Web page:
Crypto’s latest existential crisis, courtesy of Sam Bankman-Fried’s epic faceplant, flared amid far-reaching planned changes in the digital-asset rulebooks of Asian centers.
Crypto’s latest existential crisis, courtesy of Sam Bankman-Fried’s epic faceplant, flared amid far-reaching planned changes in the digital-asset rulebooks of Asian centers including Hong Kong and Singapore.
The fall of his FTX exchange showed the world lacked the true picture of its operations. As a result, officials in both jurisdictions and further afield face calls to ensure greater transparency, especially on customer assets.
The immediate focus in Asia is on “disclosures of leverage ratios, any conflict of interest with user funds, details of those funds and risk management,” said Cici Lu, founder at Venn Link Partners, a digital-asset consultancy.
For now, Hong Kong and Singapore are sticking with diverging regulatory paths. Hong Kong two weeks ago pivoted to a more welcoming stance, detailing plans to become a crypto hub with legalized retail trading and dedicated exchange-traded funds. Singapore, in contrast, is clamping down on retail crypto trading, focusing instead on productive applications of blockchain technology.
Hong Kong Financial Secretary Paul Chan in a Sunday blog post indirectly referenced FTX’s Nov. 11 slide into bankruptcy while adding that the industry is “full of hope” for the city’s virtual-asset market.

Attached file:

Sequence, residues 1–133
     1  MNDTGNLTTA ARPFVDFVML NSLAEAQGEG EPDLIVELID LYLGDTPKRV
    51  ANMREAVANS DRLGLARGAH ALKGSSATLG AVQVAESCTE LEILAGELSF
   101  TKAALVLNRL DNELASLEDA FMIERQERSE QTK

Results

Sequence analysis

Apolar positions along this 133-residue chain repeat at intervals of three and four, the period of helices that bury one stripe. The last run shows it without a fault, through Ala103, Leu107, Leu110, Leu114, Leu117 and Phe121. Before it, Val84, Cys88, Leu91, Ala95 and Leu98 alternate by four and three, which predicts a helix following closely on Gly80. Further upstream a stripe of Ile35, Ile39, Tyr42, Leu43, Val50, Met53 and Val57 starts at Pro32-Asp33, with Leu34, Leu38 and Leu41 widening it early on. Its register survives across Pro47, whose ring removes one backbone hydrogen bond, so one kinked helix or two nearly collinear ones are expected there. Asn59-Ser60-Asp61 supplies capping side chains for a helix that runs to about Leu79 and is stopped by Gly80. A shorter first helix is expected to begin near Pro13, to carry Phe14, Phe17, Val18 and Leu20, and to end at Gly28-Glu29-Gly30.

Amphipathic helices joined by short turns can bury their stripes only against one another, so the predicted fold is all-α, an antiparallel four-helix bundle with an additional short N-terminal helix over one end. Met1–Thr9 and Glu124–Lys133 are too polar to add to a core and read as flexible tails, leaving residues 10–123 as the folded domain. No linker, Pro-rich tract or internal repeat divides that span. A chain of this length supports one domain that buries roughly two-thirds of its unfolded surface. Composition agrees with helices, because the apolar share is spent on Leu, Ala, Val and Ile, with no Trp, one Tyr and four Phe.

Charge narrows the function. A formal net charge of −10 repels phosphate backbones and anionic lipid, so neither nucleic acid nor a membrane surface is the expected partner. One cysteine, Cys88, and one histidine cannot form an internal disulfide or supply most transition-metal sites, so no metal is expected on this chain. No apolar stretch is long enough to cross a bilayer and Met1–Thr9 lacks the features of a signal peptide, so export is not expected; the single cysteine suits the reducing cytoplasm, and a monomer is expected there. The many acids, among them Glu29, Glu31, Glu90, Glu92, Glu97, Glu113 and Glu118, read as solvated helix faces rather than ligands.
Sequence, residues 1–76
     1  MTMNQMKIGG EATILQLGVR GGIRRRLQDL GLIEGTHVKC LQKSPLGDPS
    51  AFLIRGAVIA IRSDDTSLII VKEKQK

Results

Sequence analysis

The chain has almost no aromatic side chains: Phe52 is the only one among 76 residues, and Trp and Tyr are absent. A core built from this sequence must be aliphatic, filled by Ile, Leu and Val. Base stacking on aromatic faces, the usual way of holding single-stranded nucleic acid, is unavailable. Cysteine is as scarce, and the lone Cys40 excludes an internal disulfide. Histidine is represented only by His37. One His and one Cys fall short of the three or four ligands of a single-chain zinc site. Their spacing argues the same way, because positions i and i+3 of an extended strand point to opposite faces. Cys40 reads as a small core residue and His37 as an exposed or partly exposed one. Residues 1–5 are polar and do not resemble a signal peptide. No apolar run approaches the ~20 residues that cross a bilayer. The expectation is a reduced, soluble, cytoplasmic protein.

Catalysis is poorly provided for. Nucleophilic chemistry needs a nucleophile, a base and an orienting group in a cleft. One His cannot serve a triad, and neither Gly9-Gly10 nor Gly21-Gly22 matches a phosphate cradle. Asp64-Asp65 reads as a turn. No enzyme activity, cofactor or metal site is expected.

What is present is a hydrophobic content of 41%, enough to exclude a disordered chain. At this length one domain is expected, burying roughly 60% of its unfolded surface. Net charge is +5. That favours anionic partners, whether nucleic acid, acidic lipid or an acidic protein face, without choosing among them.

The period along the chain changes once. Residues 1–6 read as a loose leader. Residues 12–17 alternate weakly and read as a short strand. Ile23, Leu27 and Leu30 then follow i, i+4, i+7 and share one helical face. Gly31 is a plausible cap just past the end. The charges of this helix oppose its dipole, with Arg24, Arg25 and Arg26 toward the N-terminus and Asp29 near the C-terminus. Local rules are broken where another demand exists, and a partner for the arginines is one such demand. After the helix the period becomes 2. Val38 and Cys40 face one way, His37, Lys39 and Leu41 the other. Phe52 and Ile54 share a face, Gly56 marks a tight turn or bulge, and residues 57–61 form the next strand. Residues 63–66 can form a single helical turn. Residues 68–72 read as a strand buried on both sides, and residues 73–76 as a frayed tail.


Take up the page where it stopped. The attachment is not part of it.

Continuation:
He argued that’s because Hong Kong is on course for a rule book that delivers the transparency, compliance and investor protection needed to tackle the risks writ large by the so-called crypto winter.
Hong Kong’s Securities & Futures Commission has said the exposure of local licensed entities to FTX is “non-material.”
Singapore argues FTX’s woes affirm the city-state’s focus on consumer safeguards such as a proposed ban on leveraged token purchases by mom-and-pop investors.
Asked at a conference about whether the FTX imbroglio changes the Monetary Authority of Singapore’s approach to crypto, its chief fintech officer Sopnendu Mohanty said Wednesday “we stay on the course, we stay on the business-case driven approach to the space.”
The central bank is “willing to innovate” if risks are under control, he added. The monetary authority is also currently reviewing the license application of FTX.com local subsidiary Quoine Pte. in the wake of recent developments.
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